When Baltimore loved its `wrasslin' matches

Baltimore Glimpses

June 22, 1999|By Gilbert Sandler

LIKE it or not, professional wrestling, or what passes for it, is popular again. The "sport" is a key attraction worldwide on cable television, drawing an estimated 35 million viewers.

What viewers see is wrestling-as-show-business, a sort of burlesque. These so-called wrestlers fake everything about the competition -- the holds, the pain, the wins, the losses.

But we shouldn't be too quick to deride them or their game. Baltimore has a history of staging versions of this kitsch to packed houses.

In the 1930s, the matches were held at Carlin's amusement park, then at Park Circle, Park Heights Avenue and Reisterstown Road. The likes of Jimmy "Jeemy" Londos, Dick Shikat, Primo Carnera (a former boxer) went against each other with seemingly torturous airplane spins, hammerlocks, toeholds and bone-smashing body slams. All faked, of course.

Popular pastime

The fans demanded blood and got it -- at least that's what it appeared to be. But actually the "blood" was fake, too.

In the mid-1950s, "wrasslin," as locals called it, drew scores of fans to matches at the Coliseum on Monroe Street near North Avenue.

It was the scene of some wild, out-of-control matches between the likes of Strangler Lewis, Gus Sonnenberg, Rudy Dusek and Gorgeous George (two men wrestled under the latter moniker). The Gorgeous ones' style was to prance down the aisle to martial music; a "slave girl" would follow, spraying perfume.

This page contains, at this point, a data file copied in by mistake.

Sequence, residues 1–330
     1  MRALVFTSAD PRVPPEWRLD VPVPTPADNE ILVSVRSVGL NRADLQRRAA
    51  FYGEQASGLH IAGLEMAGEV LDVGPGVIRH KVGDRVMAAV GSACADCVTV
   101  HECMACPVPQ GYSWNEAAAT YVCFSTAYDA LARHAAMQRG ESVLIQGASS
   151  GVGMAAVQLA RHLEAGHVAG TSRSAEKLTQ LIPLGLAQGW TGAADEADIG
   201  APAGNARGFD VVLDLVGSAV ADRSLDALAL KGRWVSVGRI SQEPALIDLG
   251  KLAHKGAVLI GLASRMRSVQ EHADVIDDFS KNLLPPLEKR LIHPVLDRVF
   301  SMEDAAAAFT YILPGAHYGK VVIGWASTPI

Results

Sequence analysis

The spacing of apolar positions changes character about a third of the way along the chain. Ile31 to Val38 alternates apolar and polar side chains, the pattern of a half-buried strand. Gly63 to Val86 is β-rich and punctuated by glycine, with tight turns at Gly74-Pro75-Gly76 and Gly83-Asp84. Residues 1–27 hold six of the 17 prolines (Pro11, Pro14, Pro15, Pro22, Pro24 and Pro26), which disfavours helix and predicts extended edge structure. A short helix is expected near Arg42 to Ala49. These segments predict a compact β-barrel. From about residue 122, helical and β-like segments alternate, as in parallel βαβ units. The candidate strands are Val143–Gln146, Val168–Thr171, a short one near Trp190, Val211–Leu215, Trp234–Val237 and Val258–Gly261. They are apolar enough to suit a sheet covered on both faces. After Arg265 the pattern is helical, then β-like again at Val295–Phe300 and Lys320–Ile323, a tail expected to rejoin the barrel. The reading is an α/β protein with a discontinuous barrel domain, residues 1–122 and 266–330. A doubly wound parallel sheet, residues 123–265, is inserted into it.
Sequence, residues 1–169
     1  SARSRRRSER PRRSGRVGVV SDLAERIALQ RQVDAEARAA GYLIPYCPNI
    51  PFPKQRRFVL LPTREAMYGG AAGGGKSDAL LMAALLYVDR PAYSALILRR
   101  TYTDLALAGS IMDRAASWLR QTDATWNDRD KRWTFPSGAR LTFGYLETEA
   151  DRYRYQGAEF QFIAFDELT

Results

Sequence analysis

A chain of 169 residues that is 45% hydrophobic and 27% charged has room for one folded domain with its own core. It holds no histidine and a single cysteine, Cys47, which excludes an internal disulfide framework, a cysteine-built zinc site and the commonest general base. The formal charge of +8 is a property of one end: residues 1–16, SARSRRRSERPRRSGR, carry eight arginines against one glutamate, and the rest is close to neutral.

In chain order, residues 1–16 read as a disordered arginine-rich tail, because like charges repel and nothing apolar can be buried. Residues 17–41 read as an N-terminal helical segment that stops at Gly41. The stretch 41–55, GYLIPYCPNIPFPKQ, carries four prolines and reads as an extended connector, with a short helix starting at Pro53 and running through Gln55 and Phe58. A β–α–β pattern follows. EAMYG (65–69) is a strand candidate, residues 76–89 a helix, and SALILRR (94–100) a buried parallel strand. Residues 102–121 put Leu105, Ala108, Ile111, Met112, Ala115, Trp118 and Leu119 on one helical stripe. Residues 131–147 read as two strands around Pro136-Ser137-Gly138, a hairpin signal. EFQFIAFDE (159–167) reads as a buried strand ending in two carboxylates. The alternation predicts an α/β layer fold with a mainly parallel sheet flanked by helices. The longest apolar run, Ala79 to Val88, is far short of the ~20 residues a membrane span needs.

The matches were televised by WMAR and National Beer was the sponsor. Celebrity sports announcer Bailey Goss (also a color commentator for Washington Senators' baseball games) did the play-by-play.

Notably, wrestling audiences were racially integrated at a time when few public facilities were. White and black fans together hissed, booed, cheered and hollered their insults to the performers.

Another venue

In the 1970s, professional wrestling shifted to the Civic Center (now the Arena) downtown. It was there that longtime Baltimorean Sheldon Shemer recalls seeing a wrestler lying on the mat, screaming for a doctor: "A stretcher came, and they picked him up and carried him out.

"Once he got beyond the curtain and out of view of the audience . . . he jumped off the stretcher and ran out the door."

Just another night of pro wrestling in Baltimore.

Gilbert Sandler writes from Baltimore.

Pub Date: 6/22/99

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